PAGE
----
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Facts sheet 1 – Road versus rail - Capacity, average flow, density of use

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Updated Dec 2016

This facts sheet compares capacity, passenger flows and freight flows by rail with those on the strategic road network and provides some anecdotal illustrations of the use that rail makes of its rights of way.  The associated spread sheet provides detail.


The line haul

At Waterloo 50,000 crushed passengers alight in the morning peak hour.  They could all find seats in 1,000 50-seat motor coaches.  Those coaches would occupy no more than one lane of a motor road.  At Waterloo there is room for 3 or 4 lanes in each direction. The waste is lamentable.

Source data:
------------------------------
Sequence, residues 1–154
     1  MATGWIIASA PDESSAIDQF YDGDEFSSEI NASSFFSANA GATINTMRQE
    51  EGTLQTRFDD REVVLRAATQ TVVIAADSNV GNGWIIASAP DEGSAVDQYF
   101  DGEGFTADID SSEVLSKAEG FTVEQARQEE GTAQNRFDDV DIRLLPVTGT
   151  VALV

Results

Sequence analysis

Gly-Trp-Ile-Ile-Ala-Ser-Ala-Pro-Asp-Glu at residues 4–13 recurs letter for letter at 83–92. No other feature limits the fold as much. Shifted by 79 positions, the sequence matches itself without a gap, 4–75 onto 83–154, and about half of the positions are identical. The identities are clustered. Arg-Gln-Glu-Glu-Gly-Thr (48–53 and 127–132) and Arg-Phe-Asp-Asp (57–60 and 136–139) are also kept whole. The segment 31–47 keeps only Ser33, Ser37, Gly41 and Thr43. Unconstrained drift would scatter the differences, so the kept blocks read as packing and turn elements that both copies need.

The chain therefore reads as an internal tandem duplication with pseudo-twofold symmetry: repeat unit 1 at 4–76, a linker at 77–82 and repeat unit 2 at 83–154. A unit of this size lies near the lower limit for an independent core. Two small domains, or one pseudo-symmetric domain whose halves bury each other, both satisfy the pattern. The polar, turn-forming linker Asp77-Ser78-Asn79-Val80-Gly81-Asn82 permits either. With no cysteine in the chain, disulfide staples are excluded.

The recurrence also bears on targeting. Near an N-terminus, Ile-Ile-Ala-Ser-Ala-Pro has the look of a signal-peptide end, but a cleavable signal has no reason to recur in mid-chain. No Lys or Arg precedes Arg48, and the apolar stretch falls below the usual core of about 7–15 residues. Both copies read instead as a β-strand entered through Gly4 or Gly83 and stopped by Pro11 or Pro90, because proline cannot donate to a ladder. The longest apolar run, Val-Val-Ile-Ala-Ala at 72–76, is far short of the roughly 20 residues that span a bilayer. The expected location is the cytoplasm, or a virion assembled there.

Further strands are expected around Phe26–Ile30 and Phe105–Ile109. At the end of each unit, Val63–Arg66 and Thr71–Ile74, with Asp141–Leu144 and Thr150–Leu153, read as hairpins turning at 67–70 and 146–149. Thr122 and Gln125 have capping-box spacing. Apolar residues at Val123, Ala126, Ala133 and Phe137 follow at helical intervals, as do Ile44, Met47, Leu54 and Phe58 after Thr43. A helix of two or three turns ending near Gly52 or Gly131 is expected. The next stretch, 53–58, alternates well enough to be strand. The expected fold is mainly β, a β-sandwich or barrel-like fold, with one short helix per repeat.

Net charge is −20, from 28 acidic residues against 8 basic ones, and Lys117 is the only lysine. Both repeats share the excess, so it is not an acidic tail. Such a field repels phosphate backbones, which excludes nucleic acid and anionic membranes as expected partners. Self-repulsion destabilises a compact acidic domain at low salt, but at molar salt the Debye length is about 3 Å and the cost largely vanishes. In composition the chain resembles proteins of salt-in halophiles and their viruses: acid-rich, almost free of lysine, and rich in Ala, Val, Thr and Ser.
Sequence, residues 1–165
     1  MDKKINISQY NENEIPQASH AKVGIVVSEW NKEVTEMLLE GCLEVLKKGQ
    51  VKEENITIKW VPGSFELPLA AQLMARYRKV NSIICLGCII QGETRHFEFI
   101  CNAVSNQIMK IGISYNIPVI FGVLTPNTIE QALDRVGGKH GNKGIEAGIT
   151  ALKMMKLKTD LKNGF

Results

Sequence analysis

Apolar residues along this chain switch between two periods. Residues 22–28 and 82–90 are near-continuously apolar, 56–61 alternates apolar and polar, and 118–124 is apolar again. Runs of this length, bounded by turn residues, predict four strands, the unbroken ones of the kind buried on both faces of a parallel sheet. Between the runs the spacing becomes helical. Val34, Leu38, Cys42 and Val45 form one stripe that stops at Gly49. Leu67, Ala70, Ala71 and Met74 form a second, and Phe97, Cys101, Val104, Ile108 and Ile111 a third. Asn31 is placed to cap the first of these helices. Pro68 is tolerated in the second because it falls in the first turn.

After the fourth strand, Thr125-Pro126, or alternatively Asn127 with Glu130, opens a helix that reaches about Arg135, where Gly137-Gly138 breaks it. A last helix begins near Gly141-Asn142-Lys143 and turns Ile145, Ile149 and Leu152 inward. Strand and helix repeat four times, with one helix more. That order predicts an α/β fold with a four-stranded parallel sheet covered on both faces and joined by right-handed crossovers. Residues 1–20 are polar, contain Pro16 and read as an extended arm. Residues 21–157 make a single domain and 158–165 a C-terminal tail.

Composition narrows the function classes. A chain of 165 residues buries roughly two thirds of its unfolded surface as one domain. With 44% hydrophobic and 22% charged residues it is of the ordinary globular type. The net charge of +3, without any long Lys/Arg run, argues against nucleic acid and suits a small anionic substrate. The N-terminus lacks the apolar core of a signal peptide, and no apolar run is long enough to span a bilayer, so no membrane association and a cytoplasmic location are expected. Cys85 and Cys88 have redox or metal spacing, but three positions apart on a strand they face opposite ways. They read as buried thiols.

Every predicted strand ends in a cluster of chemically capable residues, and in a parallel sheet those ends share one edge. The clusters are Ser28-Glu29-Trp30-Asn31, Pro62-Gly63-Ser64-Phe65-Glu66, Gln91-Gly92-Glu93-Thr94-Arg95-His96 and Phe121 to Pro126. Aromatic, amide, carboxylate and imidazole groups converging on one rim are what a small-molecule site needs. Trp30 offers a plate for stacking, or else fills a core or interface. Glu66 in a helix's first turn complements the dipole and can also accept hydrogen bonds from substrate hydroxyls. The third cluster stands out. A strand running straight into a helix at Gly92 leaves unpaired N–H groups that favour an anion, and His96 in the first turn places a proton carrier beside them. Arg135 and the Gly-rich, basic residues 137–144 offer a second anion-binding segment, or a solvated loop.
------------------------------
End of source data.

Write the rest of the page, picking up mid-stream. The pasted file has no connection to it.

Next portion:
At Euston, 50,000 passengers alight all day. They would require no more than 2,500 coaches each with only 20 people aboard.  2,500 coaches could pass in 90 minutes in the space available on the approaches to the terminal but the railway has run out of capacity all day.

In the peak 3 hours some 500,000 passengers enter central London by surface Rail spread over 25 pairs of tracks.  If half the passengers arrive in the peak hour the average flow per inbound track is 10,000 passengers.  They could all fit in 200 50-seat coaches, sufficient to fill one fifth of the space available.

The contra flow express coach lane serving the Port Authority's bus terminal, New York, is 11 feet wide, one foot less than a standard motorway lane.  The lne is four miles long including 1.5 in tunnel.  It carries close to 700 45-seat coaches an hour, offering 30,000 seats - the same number as the crushed peak hour passengers arriving at Victoria Main line in traims requiring four inbound tracks.